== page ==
Self-management of hypertension: Predictors of success in diastolic blood pressure reduction

Authors

  • Helen Nakagawa-Kogan,

    Corresponding author
    • Psychosocial Nursing, University of Washington, SC-76, Seattle, WA 98195
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    • Helen Nakagawa-Kogan, PhD, is a Professor, Annabaker Garber, PhD, and Monica Jarrett, PhD, are Research Associates, and Susan Hendershot, MN, is a Nurse Practitioner in the Department of Psychosocial Nursing at the University of Washington, Seattle.

  • Annabaker Garber,

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    • Helen Nakagawa-Kogan, PhD, is a Professor, Annabaker Garber, PhD, and Monica Jarrett, PhD, are Research Associates, and Susan Hendershot, MN, is a Nurse Practitioner in the Department of Psychosocial Nursing at the University of Washington, Seattle.

  • Monica Jarrett,

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    • Helen Nakagawa-Kogan, PhD, is a Professor, Annabaker Garber, PhD, and Monica Jarrett, PhD, are Research Associates, and Susan Hendershot, MN, is a Nurse Practitioner in the Department of Psychosocial Nursing at the University of Washington, Seattle.

  • Kelly J. Egan,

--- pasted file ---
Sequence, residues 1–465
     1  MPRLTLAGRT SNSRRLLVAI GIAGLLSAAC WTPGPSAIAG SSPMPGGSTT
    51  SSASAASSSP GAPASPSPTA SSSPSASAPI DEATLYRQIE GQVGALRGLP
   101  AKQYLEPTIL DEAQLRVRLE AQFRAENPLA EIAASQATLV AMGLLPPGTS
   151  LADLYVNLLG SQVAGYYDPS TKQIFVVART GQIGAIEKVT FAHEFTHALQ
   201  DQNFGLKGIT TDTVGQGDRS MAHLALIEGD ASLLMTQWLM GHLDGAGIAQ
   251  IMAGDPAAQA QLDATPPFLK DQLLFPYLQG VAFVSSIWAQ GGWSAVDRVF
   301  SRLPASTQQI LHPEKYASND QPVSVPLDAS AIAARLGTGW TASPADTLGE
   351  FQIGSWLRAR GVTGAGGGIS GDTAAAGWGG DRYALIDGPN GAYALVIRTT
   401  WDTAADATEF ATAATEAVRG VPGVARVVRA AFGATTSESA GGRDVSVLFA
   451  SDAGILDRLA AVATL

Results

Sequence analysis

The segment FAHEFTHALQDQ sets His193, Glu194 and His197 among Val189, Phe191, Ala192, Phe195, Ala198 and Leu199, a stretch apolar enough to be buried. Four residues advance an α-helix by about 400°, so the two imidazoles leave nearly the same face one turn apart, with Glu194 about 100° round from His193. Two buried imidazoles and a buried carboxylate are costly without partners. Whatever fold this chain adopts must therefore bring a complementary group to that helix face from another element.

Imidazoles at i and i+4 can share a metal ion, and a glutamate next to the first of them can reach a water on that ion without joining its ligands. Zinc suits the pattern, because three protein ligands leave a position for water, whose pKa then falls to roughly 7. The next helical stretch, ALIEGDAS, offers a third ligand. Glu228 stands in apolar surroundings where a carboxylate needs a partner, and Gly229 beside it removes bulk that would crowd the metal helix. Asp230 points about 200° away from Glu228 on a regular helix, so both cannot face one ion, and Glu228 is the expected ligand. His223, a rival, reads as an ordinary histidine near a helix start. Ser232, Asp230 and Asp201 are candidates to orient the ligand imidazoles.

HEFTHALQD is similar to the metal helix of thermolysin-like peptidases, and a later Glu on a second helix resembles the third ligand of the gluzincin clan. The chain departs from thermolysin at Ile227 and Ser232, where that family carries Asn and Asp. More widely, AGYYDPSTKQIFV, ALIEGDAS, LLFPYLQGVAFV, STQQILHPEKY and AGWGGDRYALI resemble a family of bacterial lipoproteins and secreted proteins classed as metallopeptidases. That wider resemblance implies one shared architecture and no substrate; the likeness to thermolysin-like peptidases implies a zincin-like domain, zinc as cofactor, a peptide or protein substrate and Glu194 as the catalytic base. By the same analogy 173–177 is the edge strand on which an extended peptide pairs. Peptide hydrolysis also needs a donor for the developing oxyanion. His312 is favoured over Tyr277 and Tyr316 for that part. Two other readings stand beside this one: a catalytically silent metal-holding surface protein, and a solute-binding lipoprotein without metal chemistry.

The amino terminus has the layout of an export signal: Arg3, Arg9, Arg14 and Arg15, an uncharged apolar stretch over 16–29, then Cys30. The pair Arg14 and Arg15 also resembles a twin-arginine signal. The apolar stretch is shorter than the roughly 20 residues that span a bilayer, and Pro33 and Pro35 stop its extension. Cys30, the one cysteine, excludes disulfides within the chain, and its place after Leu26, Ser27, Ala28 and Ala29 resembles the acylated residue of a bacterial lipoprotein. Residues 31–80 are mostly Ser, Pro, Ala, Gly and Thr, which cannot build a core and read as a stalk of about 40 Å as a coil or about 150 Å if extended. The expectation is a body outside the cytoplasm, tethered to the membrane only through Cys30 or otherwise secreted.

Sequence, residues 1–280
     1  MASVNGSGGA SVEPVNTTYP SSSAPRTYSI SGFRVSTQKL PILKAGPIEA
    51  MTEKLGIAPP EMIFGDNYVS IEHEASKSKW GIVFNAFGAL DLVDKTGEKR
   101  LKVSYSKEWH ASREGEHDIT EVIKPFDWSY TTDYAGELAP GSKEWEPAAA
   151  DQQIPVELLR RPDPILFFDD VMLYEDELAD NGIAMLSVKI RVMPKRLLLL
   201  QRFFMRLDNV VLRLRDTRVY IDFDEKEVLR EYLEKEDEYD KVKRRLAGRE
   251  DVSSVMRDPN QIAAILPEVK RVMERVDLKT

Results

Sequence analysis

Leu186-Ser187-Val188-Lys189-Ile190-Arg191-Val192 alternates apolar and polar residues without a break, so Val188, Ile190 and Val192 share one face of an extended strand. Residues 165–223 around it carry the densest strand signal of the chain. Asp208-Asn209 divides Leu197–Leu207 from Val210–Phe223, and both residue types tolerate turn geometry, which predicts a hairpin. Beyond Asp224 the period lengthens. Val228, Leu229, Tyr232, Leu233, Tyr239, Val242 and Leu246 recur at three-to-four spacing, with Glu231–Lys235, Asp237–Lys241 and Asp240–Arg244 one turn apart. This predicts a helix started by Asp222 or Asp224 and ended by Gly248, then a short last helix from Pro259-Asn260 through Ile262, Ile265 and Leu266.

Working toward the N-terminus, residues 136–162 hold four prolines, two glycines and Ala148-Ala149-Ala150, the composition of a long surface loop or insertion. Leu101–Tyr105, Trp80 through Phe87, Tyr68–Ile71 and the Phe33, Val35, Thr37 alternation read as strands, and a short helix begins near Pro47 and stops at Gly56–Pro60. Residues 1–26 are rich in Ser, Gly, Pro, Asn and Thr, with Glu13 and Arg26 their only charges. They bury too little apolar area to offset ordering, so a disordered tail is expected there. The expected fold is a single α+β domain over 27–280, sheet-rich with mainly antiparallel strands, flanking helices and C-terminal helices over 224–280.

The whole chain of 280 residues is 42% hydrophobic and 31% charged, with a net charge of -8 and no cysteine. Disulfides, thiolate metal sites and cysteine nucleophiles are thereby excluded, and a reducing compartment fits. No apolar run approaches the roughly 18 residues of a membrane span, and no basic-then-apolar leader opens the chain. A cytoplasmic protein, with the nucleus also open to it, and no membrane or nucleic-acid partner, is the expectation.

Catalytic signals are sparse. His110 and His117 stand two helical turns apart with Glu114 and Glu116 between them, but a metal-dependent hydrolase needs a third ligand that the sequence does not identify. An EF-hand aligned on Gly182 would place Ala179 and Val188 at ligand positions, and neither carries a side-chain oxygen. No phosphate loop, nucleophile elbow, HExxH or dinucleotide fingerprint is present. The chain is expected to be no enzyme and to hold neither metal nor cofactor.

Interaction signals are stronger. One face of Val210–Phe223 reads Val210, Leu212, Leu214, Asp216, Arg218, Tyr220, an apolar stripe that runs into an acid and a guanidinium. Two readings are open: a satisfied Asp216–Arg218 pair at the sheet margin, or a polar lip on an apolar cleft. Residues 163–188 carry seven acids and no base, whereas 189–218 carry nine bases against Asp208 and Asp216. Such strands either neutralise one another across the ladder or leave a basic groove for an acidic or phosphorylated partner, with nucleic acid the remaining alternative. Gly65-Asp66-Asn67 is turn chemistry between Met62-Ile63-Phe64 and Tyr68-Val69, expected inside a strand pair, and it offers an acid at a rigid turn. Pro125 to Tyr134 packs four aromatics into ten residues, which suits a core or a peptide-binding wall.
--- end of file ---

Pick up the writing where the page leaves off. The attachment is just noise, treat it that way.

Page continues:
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    • Kelly J. Egan, PhD, is an Acting Assistant Professor, Department of Rehabilitation Medicine also at the University of Washington.

  • Susan Hendershot

    Search for more papers by this author
    • Helen Nakagawa-Kogan, PhD, is a Professor, Annabaker Garber, PhD, and Monica Jarrett, PhD, are Research Associates, and Susan Hendershot, MN, is a Nurse Practitioner in the Department of Psychosocial Nursing at the University of Washington, Seattle.


Abstract

The purpose of this study was to determine which borderline hypertension subjects could succeed in self-regulating blood pressure, and to distinguish the psychologic and physiologic variables that predicted success. Thirty-four white, male, unmedicated, borderline hypertensive subjects participated in a 14-session biofeedback/cognitive selfmanagement training program. Of these, 22 exited with diastolic pressure below 90 mm Hg; 12 exited equal to or above 90 mm Hg. Both groups exited with scores markedly lower on the Symptoms Checklist-90 (SCL-90). The successful group began and ended on all cognitive/affective subscales at a lower level than the unsuccessful group. A discriminant analysis revealed that lower scores on the SCL-90, lower systolic blood pressures, and higher heart rates during a mental task at the beginning of treatment distinguished those who succeeded in self-regulation from those who could not succeed. The possible mechanisms for blood pressure control/change as a consequence of biofeedback are discussed.

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